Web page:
At first, I was a little creeped out by the romance between Joan and Gerold because she met him when she was 14. When I realized Gerold loved Joan romantically, I just couldn’t get on board with it because he was 31 at the time and had a daughter older than Joan. Once they were driven apart and found each other 15 years later, I was much more on board because the age gap at that point wasn’t as troublesome as it had been since Joan was no longer a child.

The story’s premise was very interesting. I wonder if it’s true at all or if it is just a legend. It seems like it could be true because, of course, if there had been a female pope at that time, she would’ve been stricken from the records. But, how likely could any of this happen? I don’t know. I’d really like to find out, but of course, all we can do is speculate and wonder.

The reason I didn’t love Pope Joan is because of the writing. It’s not that the writing was bad because it wasn’t. It just wasn’t as rich as other historical fiction romances that I’ve read. If this story were written by Philippa Gregory, I think I would’ve liked it more because Gregory’s emotions and characters are so rich and deep and I thought Cross’s felt a bit shallow. And, even though I really liked Joan and felt for the injustice she endured, I could’ve been more invested in her life as a character if the story hadn’t gone by so quickly. And, at the same time, the ending seemed so rushed compared to the rest of the book. She was only pope for 3 chapters, yet the title is “Pope” Joan.

I know it seems like I’m contradicting myself, but I can’t quite frame the words to describe my feelings. Simply put, the book was compelling and I did like it. I just didn’t love it. I would, however, give Cross another chance and read another one of her books. This is her debut after all and writers often improve with subsequent novels.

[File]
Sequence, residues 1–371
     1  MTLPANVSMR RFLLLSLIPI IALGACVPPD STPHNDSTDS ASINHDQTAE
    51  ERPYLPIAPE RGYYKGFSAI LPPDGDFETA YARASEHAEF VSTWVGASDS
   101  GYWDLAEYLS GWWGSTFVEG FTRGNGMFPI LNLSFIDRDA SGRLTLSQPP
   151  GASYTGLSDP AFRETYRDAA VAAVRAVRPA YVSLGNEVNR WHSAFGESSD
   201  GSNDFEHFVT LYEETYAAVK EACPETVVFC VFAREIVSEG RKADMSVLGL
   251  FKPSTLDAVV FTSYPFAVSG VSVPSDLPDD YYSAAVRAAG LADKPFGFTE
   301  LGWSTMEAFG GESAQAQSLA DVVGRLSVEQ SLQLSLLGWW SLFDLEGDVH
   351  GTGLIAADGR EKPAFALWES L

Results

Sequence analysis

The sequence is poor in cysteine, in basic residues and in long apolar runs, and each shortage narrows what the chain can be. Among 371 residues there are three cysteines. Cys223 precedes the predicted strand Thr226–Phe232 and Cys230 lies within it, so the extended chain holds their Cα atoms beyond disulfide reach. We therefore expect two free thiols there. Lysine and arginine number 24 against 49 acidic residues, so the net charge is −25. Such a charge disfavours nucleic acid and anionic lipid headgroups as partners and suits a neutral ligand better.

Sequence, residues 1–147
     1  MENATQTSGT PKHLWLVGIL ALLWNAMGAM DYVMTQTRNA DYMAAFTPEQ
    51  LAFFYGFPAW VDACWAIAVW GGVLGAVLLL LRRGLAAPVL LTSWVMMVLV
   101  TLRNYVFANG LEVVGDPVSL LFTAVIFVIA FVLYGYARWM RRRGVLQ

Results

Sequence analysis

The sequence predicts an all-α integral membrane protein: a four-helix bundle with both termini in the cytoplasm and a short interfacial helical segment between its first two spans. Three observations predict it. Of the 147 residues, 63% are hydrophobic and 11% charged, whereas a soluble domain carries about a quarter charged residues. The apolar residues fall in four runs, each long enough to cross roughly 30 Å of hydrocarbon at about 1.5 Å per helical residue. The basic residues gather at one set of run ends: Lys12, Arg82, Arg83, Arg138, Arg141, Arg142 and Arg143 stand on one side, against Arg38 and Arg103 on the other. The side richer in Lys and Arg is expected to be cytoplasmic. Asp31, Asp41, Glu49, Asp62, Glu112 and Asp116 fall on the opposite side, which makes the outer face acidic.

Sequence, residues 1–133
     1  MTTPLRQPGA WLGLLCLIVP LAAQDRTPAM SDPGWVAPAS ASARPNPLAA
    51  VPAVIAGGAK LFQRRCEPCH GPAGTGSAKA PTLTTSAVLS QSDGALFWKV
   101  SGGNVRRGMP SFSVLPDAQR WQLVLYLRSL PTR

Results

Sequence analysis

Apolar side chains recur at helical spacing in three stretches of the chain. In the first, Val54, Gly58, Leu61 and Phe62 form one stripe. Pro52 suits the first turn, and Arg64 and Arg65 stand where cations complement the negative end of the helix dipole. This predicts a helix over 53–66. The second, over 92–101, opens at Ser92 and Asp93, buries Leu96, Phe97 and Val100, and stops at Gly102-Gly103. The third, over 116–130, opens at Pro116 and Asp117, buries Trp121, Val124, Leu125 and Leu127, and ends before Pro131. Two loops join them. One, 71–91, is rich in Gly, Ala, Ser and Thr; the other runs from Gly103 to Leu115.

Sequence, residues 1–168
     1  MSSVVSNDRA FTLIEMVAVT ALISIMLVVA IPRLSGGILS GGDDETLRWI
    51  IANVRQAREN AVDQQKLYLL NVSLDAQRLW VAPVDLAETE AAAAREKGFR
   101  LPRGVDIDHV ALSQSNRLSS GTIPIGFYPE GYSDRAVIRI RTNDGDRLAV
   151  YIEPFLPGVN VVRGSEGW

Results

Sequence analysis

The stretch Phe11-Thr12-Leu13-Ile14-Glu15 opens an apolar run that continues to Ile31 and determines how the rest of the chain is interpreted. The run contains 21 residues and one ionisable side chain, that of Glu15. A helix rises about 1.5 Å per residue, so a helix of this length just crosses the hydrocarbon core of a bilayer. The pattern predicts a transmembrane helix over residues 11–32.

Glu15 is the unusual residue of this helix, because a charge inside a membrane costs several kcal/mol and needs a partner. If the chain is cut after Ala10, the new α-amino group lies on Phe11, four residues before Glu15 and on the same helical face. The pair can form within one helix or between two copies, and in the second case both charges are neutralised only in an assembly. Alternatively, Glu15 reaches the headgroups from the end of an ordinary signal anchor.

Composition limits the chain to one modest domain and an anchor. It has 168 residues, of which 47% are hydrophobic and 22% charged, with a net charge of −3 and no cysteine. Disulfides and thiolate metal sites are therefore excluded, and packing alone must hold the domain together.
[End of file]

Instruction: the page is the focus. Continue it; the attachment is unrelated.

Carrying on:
three-starsthree-starsthree-stars

North and South Read-Along Signup and Schedule

North and South Read Along

Join Suey (It’s All About Books), and Kami (Kami’s Library Thoughts), and me in a North and South Read-Along! We’ll be reading North and South by Elizabeth Gaskell in January.

Schedule

  • Chapters 1-28: January 1-10
  • Chapters 29-35: January 11-20
  • Chapters 36-52: January 21-31

Discussion Posts

Each discussion post will go up on either Suey’s, Kami’s, or my blog at the end of each section.

We’ll have linkies to link up your posts. You can also use the above image Suey created for the read-along. Here’s the code for the image:

The Deets

large_free_use_twitter_illustrationWe’ll have 3 Twitter chats throughout the read-along. They’ll be announced with their dates and times during the kickoff posts! While we’re reading the book, we’ll post our thoughts on Twitter using the hashtag #NorthSouthRAL.

Suey, Kami, and I will also be hosting a movie party to watch the North and South BBC mini-series after the read-along ends. (We’ve done this for Pride and Prejudice and it was a blast!) We’ll announce the date and location in our kickoff posts. There will be refreshments and we can all chip in for pizza if people are willing. If you’re in Utah and you want to come, let us know in the comments so we know who’s interested.

Our kickoff posts will go up on our blogs on January 1! We hope you join us AND spread the word!